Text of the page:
Most people with colonic angiodysplasia experience no bleeding or other symptoms. However, these thin-walled vessels sometimes bleed and cause fresh blood in the stool. Colonic angiodysplasia is the second most common cause of lower GI bleeding and fresh blood in the stool among seniors (behind diverticulosis) 5.
Bleeding from colonic angiodysplasia usually causes no pain or other symptoms, but it ranges from mild to severe and tends to recur. Treatment for bleeding from colonic angiodysplasia that doesn’t stop on its own usually involves destruction of the bleeding vessels. Medication and surgery may be recommended for some people.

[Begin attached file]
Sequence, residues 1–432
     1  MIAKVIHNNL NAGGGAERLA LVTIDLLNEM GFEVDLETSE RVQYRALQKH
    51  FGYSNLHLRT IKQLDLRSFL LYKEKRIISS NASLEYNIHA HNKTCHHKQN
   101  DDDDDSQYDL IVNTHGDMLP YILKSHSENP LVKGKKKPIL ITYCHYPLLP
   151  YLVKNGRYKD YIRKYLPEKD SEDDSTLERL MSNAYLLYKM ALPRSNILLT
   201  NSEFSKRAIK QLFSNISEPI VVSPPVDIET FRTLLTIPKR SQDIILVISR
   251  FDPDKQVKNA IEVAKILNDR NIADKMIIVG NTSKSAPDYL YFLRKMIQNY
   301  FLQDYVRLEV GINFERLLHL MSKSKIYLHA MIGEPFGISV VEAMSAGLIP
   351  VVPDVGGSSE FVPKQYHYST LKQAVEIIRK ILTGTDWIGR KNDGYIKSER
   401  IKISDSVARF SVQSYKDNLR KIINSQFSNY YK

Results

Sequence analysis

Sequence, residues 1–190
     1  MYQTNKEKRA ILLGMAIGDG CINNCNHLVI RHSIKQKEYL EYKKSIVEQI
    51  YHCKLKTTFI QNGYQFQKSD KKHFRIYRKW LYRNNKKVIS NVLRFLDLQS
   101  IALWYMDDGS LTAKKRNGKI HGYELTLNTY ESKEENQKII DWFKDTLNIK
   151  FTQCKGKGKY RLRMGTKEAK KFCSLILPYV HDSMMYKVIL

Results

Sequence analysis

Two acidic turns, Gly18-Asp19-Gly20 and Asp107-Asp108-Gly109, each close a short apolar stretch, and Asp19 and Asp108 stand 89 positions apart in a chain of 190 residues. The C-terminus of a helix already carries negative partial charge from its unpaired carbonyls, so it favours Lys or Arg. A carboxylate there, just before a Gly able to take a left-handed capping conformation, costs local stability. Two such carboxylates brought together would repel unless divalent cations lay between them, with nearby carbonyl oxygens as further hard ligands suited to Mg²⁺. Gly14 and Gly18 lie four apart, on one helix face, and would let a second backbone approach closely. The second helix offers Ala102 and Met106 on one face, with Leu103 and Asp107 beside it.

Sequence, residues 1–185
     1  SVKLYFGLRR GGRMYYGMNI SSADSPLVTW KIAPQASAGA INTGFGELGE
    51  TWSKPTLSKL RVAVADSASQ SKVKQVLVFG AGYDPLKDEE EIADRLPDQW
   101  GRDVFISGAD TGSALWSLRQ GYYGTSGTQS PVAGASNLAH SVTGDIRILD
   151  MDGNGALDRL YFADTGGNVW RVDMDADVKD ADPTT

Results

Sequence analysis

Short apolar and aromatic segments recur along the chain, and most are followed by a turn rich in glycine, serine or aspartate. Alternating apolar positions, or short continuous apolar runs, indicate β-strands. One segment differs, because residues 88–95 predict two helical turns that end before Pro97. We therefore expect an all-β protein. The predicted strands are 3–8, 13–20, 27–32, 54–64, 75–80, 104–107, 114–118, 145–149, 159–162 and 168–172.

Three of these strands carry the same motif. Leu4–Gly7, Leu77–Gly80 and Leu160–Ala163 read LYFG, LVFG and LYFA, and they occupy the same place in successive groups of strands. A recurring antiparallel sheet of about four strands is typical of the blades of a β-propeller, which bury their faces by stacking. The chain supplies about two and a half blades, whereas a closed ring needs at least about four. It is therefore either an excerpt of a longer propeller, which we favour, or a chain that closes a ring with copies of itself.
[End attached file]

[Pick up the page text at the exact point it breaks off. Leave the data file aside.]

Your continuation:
5. Inflammatory Bowel Disease
Inflammatory bowel disease (IBD) refers to Crohn disease and ulcerative colitis, conditions characterized by chronic GI tract inflammation. With Crohn disease, inflammation can develop anywhere along the GI tract. Inflammation is limited to the colon and rectum in people with ulcerative colitis.
Bloody stools, usually in the form of diarrhea, occur more commonly with ulcerative colitis, but also occur with Crohn disease involving the colon or rectum. Pus and mucus might also be present in the stool.
Other possible symptoms of IBD include abdominal pain, fever, weight loss and a persistent, urgent need to move the bowels. Most people with IBD experience cyclical flare-ups interspersed with periods of low disease activity.